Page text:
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Less is more in Chef Ranveer Brar’s lockdown kitchen

What does the celebrity chef make when he is cooking for his family during quaran-time?

Chef Ranveer Brar
Chef Ranveer Brar

Mumbai-based chef, food show host and author Ranveer Brar has a thumb rule for simplifying meal planning: Less is more. “It’s not about how many ingredients you use, it’s how you apply them; it’s not about how much was bought during grocery runs, it’s what you buy; it’s not about how many meals are cooked, it’s how you can bring out the nutrition and taste of one dish," he explains.

This approach plays out on his YouTube and Instagram pages, where he launched two content categories during the lockdown—Kam mein zyaada on the former and #RBLockdownCookbook on the latter.

Kam mein zyaada on YouTube picks basic ingredients and gives a fun spin to detailed fail-proof recipes—like the one for vegetarian seekh kebab without a tandoor, the 7-minute Chinese samosa and summer-appropriate aam panna. #RBLockdownCookbook’s recipes focus on ideas to spark creativity. For instance, how to repurpose leftovers, make sweets with scarce ingredients and give a healthy twist to dishes.

“All the food for my social media content is consumed at home. We don’t really have a choice, right? If I am cooking, I better cook for everyone," he says, adding that his wife, Pallavi, has been shooting the videos during the lockdown. His young son looks forward to the shoots, anticipating “something yummy" like cake, pancake or pizza.

Like most urban households, the Brar family has had to spend the days of lockdown without domestic help. His wife manages the kitchen, his mother loves doing the dishes even though there’s a dishwasher, while he continues to do what he does best—cook in front of the camera, sharing recipes and culinary wisdom. Mint caught up with the chef for his lockdown food chronicles. Edited excerpts:

What do you buy during grocery runs?

As a broad rule, we go for whole ingredients, whether it’s grains like moong and rajma, or spices, from dry chillies to cinnamon sticks. It’s better to grind spices at home to make powdered masalas. Within each category of essentials such as flour and lentils, we buy a wide variety. Flours will include wheat and millets, while lentils will have moong, toor or masoor. I recommend not sticking to just one item within each category to have more variety on your plate. Apart from adding nutrition, it will prevent the problem of monocropping.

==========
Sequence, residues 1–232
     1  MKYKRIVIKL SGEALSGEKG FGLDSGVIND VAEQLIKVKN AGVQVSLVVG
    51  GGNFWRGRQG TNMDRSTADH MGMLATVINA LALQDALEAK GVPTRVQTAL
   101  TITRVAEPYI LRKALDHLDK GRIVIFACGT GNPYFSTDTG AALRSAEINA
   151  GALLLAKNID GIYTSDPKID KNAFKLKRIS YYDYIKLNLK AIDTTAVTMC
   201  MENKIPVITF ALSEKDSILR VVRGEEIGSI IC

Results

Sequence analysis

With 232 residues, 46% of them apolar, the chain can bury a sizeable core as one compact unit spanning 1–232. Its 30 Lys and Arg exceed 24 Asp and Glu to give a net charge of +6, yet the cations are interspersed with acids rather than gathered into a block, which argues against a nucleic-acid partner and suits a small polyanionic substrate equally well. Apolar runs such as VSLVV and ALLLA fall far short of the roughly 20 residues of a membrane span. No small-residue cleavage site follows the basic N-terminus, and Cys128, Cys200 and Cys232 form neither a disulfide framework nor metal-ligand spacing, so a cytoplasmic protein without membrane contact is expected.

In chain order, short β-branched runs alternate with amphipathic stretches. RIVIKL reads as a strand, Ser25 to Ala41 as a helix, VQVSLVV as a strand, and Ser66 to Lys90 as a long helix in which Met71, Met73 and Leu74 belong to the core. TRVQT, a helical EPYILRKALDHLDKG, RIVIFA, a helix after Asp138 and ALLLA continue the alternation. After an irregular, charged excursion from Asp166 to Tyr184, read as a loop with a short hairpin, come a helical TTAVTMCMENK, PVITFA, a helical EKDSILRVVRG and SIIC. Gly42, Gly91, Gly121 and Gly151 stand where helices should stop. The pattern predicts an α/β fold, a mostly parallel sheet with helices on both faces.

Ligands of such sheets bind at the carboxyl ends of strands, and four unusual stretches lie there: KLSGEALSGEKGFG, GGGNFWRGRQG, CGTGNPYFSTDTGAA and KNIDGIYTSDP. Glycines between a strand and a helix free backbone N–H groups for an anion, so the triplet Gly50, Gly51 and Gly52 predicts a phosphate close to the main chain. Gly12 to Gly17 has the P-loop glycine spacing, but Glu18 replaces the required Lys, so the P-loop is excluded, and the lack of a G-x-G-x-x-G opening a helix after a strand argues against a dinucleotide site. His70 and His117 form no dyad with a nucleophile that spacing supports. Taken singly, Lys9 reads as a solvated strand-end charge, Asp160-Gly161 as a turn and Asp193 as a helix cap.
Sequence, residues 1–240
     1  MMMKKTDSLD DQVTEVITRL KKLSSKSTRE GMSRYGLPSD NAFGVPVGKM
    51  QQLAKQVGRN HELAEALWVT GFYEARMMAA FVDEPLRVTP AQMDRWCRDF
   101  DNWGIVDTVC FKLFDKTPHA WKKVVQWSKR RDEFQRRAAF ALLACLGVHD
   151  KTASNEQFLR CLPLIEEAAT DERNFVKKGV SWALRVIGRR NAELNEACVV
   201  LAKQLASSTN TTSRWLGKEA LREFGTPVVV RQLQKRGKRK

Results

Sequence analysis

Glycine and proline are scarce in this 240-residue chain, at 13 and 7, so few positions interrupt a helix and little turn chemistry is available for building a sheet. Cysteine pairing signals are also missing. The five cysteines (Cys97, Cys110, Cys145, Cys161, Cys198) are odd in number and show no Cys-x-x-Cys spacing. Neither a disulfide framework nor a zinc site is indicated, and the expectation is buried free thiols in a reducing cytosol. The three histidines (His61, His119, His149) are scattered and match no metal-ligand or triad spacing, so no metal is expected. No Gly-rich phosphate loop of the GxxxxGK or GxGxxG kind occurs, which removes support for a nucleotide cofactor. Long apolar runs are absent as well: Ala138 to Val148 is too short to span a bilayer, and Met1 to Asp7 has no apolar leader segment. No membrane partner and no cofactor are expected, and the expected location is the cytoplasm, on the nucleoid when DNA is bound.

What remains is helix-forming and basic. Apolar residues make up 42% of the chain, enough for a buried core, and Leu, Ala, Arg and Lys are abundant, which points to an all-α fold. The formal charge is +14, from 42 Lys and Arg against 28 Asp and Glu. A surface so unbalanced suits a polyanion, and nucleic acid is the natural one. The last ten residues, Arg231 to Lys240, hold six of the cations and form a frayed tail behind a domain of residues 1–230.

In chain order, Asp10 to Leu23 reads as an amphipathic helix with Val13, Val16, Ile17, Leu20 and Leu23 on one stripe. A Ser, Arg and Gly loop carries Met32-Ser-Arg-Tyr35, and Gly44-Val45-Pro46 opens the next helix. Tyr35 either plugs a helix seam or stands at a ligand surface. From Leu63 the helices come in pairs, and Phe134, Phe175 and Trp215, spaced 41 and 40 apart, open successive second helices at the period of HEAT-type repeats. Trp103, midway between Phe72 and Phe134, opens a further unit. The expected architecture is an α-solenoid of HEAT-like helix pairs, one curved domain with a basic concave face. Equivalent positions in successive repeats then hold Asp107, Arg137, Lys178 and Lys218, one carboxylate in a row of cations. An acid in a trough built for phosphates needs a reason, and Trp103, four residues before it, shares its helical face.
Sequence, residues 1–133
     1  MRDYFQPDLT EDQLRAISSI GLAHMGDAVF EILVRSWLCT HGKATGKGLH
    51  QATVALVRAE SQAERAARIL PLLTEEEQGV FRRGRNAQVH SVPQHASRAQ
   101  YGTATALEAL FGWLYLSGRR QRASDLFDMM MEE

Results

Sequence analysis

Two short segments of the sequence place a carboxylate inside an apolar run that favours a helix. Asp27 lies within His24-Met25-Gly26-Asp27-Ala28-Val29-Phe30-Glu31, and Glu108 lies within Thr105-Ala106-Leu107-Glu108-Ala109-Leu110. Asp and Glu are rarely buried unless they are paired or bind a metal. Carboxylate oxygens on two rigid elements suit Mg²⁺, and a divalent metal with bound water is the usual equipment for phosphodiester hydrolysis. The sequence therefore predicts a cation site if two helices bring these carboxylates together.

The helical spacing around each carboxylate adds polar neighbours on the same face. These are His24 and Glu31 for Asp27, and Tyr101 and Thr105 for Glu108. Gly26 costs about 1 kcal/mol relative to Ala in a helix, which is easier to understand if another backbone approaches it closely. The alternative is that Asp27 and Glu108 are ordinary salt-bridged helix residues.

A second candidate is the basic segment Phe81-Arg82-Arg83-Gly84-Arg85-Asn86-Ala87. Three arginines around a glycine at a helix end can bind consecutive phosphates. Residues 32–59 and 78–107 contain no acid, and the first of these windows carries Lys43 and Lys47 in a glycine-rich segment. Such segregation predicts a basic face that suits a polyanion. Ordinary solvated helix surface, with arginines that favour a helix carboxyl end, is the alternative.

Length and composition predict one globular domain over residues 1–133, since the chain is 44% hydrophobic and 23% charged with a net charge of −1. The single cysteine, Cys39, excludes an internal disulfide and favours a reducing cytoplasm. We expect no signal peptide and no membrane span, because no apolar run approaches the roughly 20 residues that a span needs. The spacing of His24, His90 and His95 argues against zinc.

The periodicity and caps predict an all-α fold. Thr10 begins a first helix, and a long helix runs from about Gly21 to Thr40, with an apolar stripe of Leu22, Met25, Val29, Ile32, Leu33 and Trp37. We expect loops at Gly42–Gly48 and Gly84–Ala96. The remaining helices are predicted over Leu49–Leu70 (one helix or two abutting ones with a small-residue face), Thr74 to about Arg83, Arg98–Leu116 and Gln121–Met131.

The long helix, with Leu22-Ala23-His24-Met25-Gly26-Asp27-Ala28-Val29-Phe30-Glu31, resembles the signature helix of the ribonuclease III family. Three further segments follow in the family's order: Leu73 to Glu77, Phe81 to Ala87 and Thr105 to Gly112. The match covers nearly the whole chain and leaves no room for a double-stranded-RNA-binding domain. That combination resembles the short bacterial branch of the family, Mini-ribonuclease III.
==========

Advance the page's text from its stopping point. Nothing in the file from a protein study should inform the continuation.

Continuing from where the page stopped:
For vegetables, we grab as much colour as possible: the deeper the colour, the higher the nourishment. Beetroot and spinach are a regular feature in our shopping cart. For fruits, it’s about managing ripening. If we know bananas are needed to last 10 days, we get a fair mix of ripe and semi-ripe variations. In our kitchen, we always keep an overripe banana handy to make sure that it is used to ripen other fruits, like mangoes.

How do you plan your meals?

In the lockdown, the demand-supply scenario has altered to supply-supply. This means planning meals according to what’s available. The starting point is the fridge. Most of the menu planning the night before involves looking at what you have in the fridge.

Everything that needs to be consumed first is placed up front and anything with a longer expiry date is in the bottom shelves. Today, in my fridge, spinach and sprouts are leaping out, which indicate immediate consumption. So, we will do a spinach-sprouts-potato chaat.